Why are children more successful at learning a new language compared to adults? Elissa Newport has devoted her career to studying human language acquisition, including the learning differences between children and adults. In her “less-is-more” hypothesis, she posits that children are better able than adults to learn languages because, paradoxically, they have fewer cognitive resources available to them. They naturally catch on to small parts of a language — sometimes making them even more regular than they were in the input language — and acquire its more complex or irregular aspects as they mature. In contrast, adults struggle to master a new language because they try to analyze the complexities from the start and do not as readily find the broad patterns. Newport’s most recent work uses functional MRI to examine how signed and spoken languages are represented in the brain and how language is reorganized after brain damage or disease.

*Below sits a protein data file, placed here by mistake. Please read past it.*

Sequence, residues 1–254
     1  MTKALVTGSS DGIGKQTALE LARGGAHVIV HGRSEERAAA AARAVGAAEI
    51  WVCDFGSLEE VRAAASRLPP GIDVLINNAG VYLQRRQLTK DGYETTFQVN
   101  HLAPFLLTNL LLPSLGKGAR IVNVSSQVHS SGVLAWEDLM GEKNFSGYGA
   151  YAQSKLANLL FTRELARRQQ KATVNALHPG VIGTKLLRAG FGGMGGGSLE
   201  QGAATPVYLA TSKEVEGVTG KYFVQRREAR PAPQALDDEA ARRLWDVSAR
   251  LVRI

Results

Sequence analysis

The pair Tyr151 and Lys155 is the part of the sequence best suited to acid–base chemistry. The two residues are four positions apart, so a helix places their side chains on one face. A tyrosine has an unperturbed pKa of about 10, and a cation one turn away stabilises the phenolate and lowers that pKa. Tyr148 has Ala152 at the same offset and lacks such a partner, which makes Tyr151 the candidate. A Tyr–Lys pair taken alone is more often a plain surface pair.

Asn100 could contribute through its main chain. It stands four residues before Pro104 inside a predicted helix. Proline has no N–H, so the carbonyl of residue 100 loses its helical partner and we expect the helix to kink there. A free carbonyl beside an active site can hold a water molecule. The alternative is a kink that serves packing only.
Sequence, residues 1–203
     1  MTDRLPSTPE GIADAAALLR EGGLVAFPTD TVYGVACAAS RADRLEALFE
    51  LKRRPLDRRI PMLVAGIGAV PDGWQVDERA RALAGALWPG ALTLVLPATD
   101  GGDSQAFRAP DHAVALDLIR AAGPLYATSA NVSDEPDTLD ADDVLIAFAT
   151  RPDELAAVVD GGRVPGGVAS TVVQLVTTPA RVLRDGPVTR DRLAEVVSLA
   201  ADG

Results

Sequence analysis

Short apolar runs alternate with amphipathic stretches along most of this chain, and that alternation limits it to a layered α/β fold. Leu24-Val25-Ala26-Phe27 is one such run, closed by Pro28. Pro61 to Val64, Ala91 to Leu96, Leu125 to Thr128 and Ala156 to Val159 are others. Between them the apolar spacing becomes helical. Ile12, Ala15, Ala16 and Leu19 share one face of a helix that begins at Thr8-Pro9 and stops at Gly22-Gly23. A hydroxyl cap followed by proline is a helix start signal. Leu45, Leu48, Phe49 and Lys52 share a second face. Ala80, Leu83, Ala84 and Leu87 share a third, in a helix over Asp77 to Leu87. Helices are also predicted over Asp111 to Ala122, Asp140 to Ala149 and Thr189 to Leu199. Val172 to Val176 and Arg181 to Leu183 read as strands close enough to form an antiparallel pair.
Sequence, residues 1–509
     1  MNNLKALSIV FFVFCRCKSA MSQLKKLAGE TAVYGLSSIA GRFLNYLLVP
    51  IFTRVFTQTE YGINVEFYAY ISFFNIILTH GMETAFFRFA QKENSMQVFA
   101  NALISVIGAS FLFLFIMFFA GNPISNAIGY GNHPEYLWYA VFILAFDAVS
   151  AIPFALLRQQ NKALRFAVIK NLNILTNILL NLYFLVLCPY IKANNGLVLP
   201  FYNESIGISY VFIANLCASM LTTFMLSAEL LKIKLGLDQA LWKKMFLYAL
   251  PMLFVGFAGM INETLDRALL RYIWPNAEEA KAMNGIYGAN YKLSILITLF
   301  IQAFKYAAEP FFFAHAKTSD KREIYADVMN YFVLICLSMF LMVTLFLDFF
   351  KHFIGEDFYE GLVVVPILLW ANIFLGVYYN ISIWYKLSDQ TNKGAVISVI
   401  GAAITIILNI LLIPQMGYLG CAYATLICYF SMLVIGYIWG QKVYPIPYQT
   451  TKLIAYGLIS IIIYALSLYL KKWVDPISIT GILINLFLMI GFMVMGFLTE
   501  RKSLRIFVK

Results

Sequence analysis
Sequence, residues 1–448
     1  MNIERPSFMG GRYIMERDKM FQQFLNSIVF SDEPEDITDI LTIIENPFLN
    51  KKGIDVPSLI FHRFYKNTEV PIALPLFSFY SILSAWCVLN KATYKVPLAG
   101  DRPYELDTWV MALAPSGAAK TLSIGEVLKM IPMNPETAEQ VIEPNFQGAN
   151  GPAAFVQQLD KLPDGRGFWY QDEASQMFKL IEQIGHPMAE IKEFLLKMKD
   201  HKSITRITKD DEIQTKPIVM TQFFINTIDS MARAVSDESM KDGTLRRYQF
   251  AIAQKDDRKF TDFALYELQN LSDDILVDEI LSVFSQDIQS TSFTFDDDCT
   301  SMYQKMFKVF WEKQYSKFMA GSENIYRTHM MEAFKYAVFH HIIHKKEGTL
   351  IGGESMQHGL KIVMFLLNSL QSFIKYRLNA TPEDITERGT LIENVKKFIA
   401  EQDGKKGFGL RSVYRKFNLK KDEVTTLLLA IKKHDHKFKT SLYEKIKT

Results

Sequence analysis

The intense exhaustion of parental burnout can lead parents to feel detached from their children and unsure of their parenting abilities. More
As a researcher, adviser, and science communicator, APS Fellow Dorothy Espelage is raising awareness about effective strategies for preventing bullying and youth violence. More
Since emerging as a fad in the 1980s, “Baby on Board” stickers have persisted as a staple of rear windshields and bumpers on cars and minivans. According to urban legend, the death of an infant in a traffic accident led to the creation of the signs, but in truth they More